Preached at Faith Lutheran Church in Three Lakes, WI as a Good Friday reflection.
There’s always an out.
That should have been Jesus’s only thought as he went through his trial, or what attempted to pass for a trial that day before the Passover in the Gospel according to John.
There’s no such thing as the no-win scenario. There’s always a way out.
I went through the story and figured out how many times Jesus could have reasonably and successfully escaped his situation. It’s mind boggling that he was successfully tried and executed.
1) In the garden, when the soldiers and the police come to arrest Jesus, they ask for him to come forward. Jesus does so not once, but twice, asserting that he is the man they’ve come to arrest. If he’d kept his mouth shut or fled, he would never have been arrested in the first place.
2) At his trial before Annas, he is questioned about his teaching. Knowing his teaching to be truthful and right, even in the eyes of his people, he could have answered their questions. There is a reasonable chance that if they had nothing to charge him with, they would have let him go.
3) At his trial before Pilate, the poor case against Jesus is made abundantly clear. When Pilate asked his accusers what Jesus had done, they can’t even give an answer. “Well, obviously he’s a criminal, duh, or we wouldn’t have brought him to you,” they say–clearly avoiding answering the question because they can’t. Jesus could have gotten out if he spoke up.
4) Pilate asks Jesus if he is the king of the Jews. Jesus asks him if others told Pilate to ask him this, further exposing the fraud of his trial. And yet instead of taking advantage of the situation, Jesus lets Pilate continue.
5) Even after all of this, Pilate still can’t make a case against Jesus. He attempts to set Jesus free, and when the crowd refuses, he has Jesus whipped and beaten, hoping that will satisfy the crowd.
6) When that doesn’t work, Pilate again tries to set Jesus free, and the crowd resists. Pilate again makes the case that Jesus is innocent, but the crowd persists. Pilate is literally fighting to save Jesus and has all authority to do so, but Jesus won’t say a word in his favor.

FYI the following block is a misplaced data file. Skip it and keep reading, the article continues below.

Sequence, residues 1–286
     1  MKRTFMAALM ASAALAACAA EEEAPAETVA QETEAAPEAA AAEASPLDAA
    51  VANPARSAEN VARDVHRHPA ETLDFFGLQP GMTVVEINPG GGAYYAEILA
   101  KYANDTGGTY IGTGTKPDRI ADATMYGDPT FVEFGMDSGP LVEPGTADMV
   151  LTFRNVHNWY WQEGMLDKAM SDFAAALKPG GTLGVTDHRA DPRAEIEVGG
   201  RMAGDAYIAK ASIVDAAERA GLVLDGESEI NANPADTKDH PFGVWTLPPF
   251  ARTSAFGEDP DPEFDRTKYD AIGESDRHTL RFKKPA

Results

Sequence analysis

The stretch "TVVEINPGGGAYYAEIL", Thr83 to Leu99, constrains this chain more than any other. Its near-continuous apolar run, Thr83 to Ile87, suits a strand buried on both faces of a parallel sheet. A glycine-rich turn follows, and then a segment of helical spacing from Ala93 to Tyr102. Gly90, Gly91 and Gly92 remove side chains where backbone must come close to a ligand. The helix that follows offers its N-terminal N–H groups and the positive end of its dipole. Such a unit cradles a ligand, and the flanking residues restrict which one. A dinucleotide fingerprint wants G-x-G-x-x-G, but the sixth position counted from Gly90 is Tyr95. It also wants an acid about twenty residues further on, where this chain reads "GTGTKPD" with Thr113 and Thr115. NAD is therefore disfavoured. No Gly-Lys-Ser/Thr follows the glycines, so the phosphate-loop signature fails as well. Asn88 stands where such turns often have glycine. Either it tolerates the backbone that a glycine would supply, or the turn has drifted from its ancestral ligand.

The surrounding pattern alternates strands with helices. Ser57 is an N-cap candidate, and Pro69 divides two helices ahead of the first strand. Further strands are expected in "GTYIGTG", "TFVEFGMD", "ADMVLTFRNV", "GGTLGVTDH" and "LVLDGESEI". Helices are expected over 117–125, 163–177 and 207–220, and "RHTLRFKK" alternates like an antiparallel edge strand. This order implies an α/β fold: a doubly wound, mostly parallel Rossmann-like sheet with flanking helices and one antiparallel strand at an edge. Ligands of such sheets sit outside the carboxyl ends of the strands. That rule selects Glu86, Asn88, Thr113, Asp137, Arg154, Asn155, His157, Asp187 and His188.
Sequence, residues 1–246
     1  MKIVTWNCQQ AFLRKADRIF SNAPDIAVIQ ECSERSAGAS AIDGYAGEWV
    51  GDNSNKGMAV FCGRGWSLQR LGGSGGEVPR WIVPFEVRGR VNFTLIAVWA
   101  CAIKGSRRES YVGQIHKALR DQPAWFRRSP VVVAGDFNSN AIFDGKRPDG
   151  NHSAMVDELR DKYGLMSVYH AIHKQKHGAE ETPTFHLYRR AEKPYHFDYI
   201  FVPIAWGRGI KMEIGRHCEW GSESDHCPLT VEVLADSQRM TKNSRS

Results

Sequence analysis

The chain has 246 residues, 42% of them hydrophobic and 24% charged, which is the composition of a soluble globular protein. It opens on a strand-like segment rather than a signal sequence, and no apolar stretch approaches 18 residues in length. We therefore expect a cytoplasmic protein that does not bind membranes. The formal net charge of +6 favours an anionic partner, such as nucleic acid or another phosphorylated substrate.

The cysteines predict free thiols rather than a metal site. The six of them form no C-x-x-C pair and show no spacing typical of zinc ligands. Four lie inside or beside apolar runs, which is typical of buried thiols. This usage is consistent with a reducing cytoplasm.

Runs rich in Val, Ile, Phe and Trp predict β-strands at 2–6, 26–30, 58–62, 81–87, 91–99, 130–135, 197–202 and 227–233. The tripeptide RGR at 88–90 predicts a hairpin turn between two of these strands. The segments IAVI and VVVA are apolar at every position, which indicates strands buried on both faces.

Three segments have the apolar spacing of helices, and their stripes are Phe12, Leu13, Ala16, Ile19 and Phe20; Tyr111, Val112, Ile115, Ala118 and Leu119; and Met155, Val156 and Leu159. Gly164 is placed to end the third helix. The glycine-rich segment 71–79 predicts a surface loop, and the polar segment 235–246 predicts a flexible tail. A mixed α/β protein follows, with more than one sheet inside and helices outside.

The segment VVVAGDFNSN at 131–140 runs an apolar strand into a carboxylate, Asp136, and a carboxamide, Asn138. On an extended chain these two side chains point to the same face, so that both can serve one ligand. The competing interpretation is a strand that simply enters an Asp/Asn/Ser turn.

7) Pilate questions Jesus yet again, hoping to get anything at all he can use to set Jesus free. Again, Jesus refuses to help.
Finally, Pilate acquiesces to the mob’s demands and has Jesus crucified. Jesus makes sure that everything is as it should be—that his clothes are divided as prophesied, that his family is taken care of, that the scriptures are fulfilled. And then, willing, Jesus lets go of life and dies.
Seven times. Seven times, Jesus had blatant opportunities to escape his torture and death. The tactics used against him were laughable. The case against him indefensible. Seven openings for Jesus to take to get out of his fate.
He didn’t take a single one. And when it looked like he still might be set free anyway, he actually stepped in to ensure he’d go to his death. Seven times.
The most popular explanation for why Jesus did this is summarized in a theory called penal substitutionary atonement. It explains that Jesus went through all of this to his death instead of us because God’s justice needed to be satisfied. We were supposed to die because of our sin. And God, who is incapable of showing mercy or forgiveness, needed someone to die for the world to be right. Therefore, Jesus died in our place, a substitute for us, so that grisly justice might be done. It’s related to the ransom theory of atonement that says there was a price to be paid for us to be free of bondage, and the satisfaction theory that says Jesus’s death was to satisfy God’s wrath—a life needed to be taken, and only Jesus’s life could fully satisfy God.
These are my three least favorite theories of atonement, but they are the most popular of the prominent seven. They reduce Jesus’s sacrifice to a numbers or balance game. God required, Jesus provided. It’s just a transaction.
Nobody goes to their death for a purchase. Not willingly, and certainly not with the same devotion Jesus did. And further, such a transaction diminishes God, who in them is incapable of mercy and forgiveness.
There has to be more to Jesus’s death than just a payment. There has to be more than just this transaction, like Jesus is a product or currency to balance God’s checkbook. There has to be more to Jesus’s death than the idea that God needed Jesus to die.
And maybe there is. Maybe there is more to Jesus’s death than God needing it. Maybe it’s the other way around; maybe we needed Jesus to die.
It’s an interesting theory. Maybe we needed Jesus to die because there was no other way we could see just how far God was willing to go. How far could we push God? What would it take for God to give up and walk away from us, thereby confirming our idea that God is a horrible, angry, merciless God who’s only out to get us. How hard could we push? Could we force God’s hand? And so we did exactly that.
Making Jesus a scapegoat, we heaped on him every torture and pain we could, blaming him for everything wrong in the world. We were going to break God. We were going to be right. We stumbled our way through a trial, we put him up on a cross, and we watched him die. We watched the life bleed out of him until his eyes glassed over and his breathing stopped. Seven times he could have said no, he could have stopped it. But in the end, we did it—we proved how far we could push, how far God was willing to go. We forced God’s hand.
And only then, at the end, did we realize what we’d done.